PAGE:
Zeljko Kalac believes Tony Popovic has "got panels on anybody produced so far in Australia" and would jump at another European opportunity if given the chance.
The former Socceroos goalkeeper and long-time Tony Popovic assistant worked closely with the 44-year-old in the duo's brief spell at Karabukspor.
Although it ended dismally for Popovic, who was sacked after three wins and six losses, Kalac maintains that the Aussie coach did little wrong and it shouldn't hamper his reputation.
“It was overall a good experience, other than how it panned out in the end," he told The World Game.
“And a lot of that was based on the political turmoil within the club.
“It wasn’t to do with our work, which was very good. Poppa made some important, positive changes there. He had the team training and playing the right way but luck didn’t smile at all on us.
“There was also a huge political in-fight happening at the club and we were caught in the middle of that a bit.
“The way we left was disappointing and that was part and parcel of the situation there, which has worsened since our departure.
“Our intel told us prior to going they had never been late with a payment.
“It’s not a matter of us knowing better because we weren’t to know. It was impossible.”
Popovic may have to wait for another European opportunity, but there will be no shortage of interest in Australia with three A-League clubs - including Sydney FC - currently without long-term coaches.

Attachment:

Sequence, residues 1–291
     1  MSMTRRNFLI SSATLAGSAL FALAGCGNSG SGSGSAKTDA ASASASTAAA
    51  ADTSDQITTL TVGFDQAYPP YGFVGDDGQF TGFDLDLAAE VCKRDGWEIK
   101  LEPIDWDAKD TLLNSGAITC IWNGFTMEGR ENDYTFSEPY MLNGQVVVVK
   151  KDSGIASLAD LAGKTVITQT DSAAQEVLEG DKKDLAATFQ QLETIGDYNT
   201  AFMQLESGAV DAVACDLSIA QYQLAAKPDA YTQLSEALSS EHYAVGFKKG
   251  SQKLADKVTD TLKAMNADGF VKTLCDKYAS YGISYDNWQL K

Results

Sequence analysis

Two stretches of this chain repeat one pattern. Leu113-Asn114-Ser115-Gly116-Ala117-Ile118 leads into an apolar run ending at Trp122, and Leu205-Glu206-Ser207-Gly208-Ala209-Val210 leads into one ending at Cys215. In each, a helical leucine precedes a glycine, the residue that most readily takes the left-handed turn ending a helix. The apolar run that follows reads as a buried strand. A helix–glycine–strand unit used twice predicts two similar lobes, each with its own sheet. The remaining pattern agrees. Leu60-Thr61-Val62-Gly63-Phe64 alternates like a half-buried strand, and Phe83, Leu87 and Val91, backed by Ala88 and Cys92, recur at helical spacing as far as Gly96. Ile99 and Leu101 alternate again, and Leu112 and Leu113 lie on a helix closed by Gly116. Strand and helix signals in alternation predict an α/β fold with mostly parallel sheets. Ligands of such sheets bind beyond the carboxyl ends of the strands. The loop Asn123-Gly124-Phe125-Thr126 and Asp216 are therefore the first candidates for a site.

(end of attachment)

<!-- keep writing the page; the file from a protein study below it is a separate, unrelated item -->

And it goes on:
While a move to the Sky Blues would be controversial for the Western Sydney icon, harnessing Australia's biggest club at the moment could spark a renenewed surge in Popovic's career.
At least, if other countries will take it seriously.
“People will say I’m biased but in my view he’s top notch and I’ve worked under some pretty good coaches," Kalac said.
“This season you had Arnie talking about winning the ACL, but you have to win a game to get out of the group first. People think it’s easier that what it is.
"I think Poppa will coach at the highest level ... but he has to get past some difficult perceptions in places like Europe.
“Over there the opinion is ‘you’re Australian, what do you know about football?’.
“We live in a bubble here and all we have is the A-League and that doesn’t count for much in Europe."